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PHP lacks any specific function to fsync on a file AFAIK. I do however feel the urge to fsync a logfile I am appending to from PHP.

Is there any native PHP function known to cause an fsync? Or any workaround?

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2 Answers 2

If you're dealing with a regular file, closing it with fclose will most likely commit your changes to disk. To assure that log messages hit the disk, just open and close the file for each write to your log.

Writes to the system log should take place immediately and are handled by the OS.

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I'm not familiar at all on how the kernel manages its buffers, but I doubt this is true. If you have references, please provide them. –  Artefacto Jul 16 '10 at 18:42
    
@Artefacto: you are correct. I just looked through the php codebase and there are no explicit calls to fsync dealing with file operations. @korkman, PHP extensions would be the way to go. –  advait Jul 16 '10 at 19:09

I'm afraid it's not possible. The only reference to fsync in the sources is in the implementation of the flush operation for regular filesystem streams and it's just to explicitly say they're not fsyncing, only calling fflush.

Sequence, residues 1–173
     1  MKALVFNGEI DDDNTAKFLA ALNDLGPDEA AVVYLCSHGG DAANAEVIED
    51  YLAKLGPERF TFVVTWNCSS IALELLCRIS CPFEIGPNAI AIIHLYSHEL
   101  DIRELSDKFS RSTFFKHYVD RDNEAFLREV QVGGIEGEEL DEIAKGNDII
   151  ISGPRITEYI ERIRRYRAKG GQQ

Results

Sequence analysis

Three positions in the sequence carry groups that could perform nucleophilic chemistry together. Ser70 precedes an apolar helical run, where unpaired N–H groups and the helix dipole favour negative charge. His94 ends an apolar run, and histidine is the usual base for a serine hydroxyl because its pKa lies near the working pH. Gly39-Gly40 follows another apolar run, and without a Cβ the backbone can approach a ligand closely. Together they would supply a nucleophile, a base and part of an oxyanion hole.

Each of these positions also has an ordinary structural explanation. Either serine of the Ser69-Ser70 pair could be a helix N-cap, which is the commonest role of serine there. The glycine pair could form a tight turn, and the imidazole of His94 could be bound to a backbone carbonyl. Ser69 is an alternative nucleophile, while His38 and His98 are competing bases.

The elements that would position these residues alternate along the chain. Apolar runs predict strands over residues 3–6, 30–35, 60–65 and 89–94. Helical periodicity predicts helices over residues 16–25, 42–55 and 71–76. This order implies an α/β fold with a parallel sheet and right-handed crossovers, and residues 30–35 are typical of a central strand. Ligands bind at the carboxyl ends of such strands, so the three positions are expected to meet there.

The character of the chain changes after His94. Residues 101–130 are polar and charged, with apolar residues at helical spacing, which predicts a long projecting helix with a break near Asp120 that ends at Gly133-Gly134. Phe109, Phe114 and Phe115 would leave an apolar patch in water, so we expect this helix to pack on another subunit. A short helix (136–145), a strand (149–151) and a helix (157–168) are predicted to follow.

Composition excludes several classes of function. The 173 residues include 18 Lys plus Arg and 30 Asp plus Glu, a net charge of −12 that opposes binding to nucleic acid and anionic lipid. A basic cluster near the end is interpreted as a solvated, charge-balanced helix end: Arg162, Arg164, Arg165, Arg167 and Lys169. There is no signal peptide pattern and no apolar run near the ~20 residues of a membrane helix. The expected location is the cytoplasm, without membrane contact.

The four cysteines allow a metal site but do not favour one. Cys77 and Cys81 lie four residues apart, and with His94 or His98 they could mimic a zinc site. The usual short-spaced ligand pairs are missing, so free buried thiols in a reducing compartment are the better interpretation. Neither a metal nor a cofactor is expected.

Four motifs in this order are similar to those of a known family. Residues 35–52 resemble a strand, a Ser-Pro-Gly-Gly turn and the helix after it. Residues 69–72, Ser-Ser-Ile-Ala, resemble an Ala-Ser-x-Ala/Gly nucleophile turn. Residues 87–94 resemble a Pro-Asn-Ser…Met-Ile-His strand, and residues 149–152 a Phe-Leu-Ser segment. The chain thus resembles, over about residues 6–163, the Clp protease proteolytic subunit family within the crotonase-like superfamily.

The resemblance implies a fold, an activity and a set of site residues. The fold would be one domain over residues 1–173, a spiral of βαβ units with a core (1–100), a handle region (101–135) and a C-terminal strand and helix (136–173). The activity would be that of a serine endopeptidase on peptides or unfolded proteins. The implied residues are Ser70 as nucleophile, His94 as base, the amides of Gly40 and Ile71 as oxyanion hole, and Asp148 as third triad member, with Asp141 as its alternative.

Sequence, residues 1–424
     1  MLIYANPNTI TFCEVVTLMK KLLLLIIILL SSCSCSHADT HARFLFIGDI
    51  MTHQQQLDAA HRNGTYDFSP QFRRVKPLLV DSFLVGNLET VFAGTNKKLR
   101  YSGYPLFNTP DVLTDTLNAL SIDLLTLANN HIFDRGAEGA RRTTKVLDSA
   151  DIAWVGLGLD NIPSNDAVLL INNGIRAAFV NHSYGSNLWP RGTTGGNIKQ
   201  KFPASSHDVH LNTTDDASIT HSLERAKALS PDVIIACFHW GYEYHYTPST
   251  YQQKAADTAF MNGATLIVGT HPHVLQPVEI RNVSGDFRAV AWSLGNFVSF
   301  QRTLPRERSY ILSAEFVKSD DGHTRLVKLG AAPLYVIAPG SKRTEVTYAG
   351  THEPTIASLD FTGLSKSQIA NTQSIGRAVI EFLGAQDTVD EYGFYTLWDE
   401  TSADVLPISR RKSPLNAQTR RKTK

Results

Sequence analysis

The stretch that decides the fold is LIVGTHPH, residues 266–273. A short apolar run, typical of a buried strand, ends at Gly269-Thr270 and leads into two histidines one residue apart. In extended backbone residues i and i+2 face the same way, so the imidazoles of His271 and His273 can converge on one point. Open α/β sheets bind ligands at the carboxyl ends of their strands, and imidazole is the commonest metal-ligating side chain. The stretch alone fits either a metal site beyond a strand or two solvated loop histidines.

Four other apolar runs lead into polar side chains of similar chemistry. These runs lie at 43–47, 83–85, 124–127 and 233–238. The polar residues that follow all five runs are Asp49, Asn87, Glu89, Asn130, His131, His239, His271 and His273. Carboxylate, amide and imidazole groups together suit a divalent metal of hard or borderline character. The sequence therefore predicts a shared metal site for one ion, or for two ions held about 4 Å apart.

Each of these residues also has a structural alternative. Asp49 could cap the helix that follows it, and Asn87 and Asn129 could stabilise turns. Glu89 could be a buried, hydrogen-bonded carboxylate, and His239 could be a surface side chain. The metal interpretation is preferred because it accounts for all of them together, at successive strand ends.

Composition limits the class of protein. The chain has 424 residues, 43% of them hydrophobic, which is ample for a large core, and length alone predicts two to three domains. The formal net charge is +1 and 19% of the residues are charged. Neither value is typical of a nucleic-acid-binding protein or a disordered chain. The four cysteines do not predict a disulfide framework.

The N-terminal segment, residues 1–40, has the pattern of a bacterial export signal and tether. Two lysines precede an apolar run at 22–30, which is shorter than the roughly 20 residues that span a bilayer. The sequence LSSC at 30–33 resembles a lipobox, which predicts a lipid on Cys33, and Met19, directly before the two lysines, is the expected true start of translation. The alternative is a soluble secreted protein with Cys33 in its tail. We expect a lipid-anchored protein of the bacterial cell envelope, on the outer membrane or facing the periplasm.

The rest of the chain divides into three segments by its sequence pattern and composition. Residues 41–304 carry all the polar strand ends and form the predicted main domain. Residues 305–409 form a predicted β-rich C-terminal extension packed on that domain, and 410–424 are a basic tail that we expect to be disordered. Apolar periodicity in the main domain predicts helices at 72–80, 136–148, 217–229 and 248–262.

If you really need this, you have to do it in a PHP extension.

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I'm starting to think of an fsync-deamon that listens on a unix-socket and performs arbitary sync-actions. Might not be a performant, but certainly easier to maintain than an extension. –  korkman Jul 16 '10 at 19:08
    
@korkman An extension for this would be trivial to make. You could also just patch the default flush operation so that it called fsync, though that could have a performance hit in other places where your scripts would call flush and an fsync was not necessary. –  Artefacto Jul 16 '10 at 19:17

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